Even though the wind swirled through the dark, seemingly endless trees of the Syarg Forest, the sound of a deer running through the dense woods could still be heard, especially by the heightened sense of an elf. Or even a half-elf for that matter. One half-elf in particular, Keyleth Urthadar, who was in hot pursuit of the fleeing animal.
As she ran, Keyleth's mind went back to why she was in Syarg Forest in the first place. Considering all her life she had been told it was much too dangerous to enter all alone, what she was doing was more or less plain idiocy. After a few more minutes of running, she gave up and slumped against a tree as the deer quickly disappeared into the trees.
Sighing, Keyleth turned her gaze upwards. The leaves on the towering trees were so many in number they covered the sky and she wouldn't have been able tell if night had fallen yet. Even if it had, the stars and the two moons that illuminated during the dark hours would've been completely obscured. She sighed once more as she thought about the argument she had with her father earlier that day.
It was completely petty. All she had done was swiped a satchel from a pompous looking man in a red cloak, a sorcerer or something similar. When Father had found out and was fuming, demanding she returned it and obviously, she refused. All that was in it was a coin purse containing two gold pieces, a few rations, broken sunrods and a scroll held shut with a red ribbon. And she was only doing what Father had taught her. Unfortunately, this comment had not gone down well and he was even angrier.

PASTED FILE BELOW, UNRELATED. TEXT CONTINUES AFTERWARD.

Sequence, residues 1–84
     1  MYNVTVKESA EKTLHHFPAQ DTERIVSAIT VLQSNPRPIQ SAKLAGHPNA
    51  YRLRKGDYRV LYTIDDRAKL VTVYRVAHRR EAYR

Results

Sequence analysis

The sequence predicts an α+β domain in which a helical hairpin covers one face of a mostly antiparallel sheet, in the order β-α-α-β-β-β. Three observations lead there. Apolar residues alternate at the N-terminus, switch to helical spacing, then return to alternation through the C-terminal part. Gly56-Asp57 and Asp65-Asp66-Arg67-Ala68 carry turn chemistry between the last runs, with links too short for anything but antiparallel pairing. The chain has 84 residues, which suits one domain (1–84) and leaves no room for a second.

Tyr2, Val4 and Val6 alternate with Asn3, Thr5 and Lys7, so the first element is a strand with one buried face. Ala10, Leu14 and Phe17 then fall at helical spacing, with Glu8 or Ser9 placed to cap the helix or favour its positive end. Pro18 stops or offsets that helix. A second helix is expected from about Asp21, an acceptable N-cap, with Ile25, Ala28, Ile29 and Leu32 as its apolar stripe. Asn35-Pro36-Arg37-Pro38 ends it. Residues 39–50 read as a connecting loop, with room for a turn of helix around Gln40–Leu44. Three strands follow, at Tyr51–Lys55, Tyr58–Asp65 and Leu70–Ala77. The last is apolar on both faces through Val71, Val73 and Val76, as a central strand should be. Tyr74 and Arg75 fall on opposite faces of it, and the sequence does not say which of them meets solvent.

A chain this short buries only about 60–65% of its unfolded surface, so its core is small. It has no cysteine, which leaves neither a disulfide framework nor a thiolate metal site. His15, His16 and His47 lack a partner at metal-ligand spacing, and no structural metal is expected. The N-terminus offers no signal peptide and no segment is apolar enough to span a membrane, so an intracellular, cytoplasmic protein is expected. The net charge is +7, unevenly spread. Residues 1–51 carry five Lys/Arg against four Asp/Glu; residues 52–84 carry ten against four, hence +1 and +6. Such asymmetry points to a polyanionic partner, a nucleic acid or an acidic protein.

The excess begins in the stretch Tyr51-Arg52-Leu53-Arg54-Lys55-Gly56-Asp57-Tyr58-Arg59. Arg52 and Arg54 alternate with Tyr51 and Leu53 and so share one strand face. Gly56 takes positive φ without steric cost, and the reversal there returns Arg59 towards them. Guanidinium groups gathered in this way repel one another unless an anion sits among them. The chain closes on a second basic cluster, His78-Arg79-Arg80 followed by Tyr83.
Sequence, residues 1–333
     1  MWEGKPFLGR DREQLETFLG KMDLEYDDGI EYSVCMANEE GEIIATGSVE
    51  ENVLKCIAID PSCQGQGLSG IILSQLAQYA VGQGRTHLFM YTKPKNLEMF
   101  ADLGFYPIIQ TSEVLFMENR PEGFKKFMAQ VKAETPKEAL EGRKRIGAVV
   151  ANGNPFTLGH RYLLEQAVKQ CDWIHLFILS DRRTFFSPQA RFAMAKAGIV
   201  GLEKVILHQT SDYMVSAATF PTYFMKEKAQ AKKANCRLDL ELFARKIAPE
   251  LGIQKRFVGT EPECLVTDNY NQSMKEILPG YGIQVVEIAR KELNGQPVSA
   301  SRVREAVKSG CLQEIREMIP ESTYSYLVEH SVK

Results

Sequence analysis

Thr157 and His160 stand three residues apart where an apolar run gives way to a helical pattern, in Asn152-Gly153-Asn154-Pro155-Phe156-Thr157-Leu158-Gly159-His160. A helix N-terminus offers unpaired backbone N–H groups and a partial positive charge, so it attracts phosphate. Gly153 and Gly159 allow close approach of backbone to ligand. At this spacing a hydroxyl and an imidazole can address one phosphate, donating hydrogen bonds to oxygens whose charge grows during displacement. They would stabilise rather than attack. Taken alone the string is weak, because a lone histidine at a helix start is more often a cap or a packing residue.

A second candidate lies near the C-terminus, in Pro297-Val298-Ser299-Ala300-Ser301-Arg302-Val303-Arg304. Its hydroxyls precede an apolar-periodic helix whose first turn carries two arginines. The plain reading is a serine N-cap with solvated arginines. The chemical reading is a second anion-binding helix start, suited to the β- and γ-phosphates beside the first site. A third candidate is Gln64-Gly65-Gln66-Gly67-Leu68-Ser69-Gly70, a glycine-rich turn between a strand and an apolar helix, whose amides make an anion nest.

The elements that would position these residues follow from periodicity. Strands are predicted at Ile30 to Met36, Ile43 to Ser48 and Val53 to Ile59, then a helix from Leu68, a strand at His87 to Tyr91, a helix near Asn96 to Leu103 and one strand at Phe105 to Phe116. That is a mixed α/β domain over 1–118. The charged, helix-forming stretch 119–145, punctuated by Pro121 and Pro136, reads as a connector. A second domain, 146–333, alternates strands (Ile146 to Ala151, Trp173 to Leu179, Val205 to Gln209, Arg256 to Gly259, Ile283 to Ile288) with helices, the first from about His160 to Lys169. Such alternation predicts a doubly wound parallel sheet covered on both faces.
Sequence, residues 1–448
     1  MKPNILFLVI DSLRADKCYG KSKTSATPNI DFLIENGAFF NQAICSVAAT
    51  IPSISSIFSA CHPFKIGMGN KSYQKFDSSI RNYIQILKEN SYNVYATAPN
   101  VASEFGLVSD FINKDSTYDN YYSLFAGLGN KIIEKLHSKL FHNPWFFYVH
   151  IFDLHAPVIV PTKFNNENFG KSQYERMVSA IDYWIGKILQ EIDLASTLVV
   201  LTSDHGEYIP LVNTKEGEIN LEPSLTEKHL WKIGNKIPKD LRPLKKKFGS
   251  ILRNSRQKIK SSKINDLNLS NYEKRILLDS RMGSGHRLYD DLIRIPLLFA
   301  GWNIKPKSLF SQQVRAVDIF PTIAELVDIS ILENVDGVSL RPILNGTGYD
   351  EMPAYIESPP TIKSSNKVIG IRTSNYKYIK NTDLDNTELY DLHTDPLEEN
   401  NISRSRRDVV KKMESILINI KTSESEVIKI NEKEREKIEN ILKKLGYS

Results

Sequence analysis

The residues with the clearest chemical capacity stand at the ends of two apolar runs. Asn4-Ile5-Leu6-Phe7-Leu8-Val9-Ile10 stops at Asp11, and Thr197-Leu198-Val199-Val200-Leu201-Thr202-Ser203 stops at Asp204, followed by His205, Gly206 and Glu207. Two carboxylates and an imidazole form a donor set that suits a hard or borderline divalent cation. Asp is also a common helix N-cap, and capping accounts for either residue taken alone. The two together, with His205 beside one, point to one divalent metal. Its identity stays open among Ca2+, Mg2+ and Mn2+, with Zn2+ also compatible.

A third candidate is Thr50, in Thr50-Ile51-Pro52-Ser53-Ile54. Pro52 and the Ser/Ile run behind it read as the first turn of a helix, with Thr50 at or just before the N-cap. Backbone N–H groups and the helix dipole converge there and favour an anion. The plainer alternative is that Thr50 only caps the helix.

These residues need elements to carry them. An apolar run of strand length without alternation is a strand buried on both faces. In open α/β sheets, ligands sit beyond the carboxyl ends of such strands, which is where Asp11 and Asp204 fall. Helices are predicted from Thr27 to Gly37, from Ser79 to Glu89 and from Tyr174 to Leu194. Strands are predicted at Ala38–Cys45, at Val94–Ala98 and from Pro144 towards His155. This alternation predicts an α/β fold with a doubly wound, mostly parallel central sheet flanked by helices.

So, she had stormed out with the satchel, taking her blades, and her bow and arrows. Nothing calmed the nerves like a spot of hunting. Sadly, she was furious, and angry hunting led to mistakes, like letting a doe get away. It seemed that she couldn't get anything right today.
She looked up again, seeing the thick branches of the trees that towered above her and she thought that perhaps she could have more luck hunting from the air. After two or three minutes, she had climbed the tree and was perched upon a branch, bow in left hand and her right hovering over her quiver as she waited patiently, remaining very still at all times.
It was at least twenty minutes before a stag came into view. Taking an arrow, she set it into place, drawing the string of the bow towards her as she took aim. Just as she was about to shoot, the sound of a large explosion ripped through the air. It was so sudden that it made Keyleth jump and she almost toppled off her perch.
Almost at the last second, she let go of her bow and arrow to grab onto the thick branch. She winced as she heard her weapon hit the floor. Daring to look down, Keyleth peered over her shoulder, sighing in relief to see her precious bow was undamaged, at the same time judging the distance between her and the floor. She let go of the branch and landed on her feet. Uninjured, she picked up her bow and scanned the area. Noticing that the stag had fled in fear, she gave chase in the same direction she had seen it run.
Despite having a head-start due to fear, Keyleth had almost caught up with the male deer. That was until the stag disappeared into what appeared to be thin air, the sound of the explosion in the air once more. If she had been able to stop, Keyleth would've noticed that the "thin air" was distorted, but she hadn't stopped and had skidded into nothingness.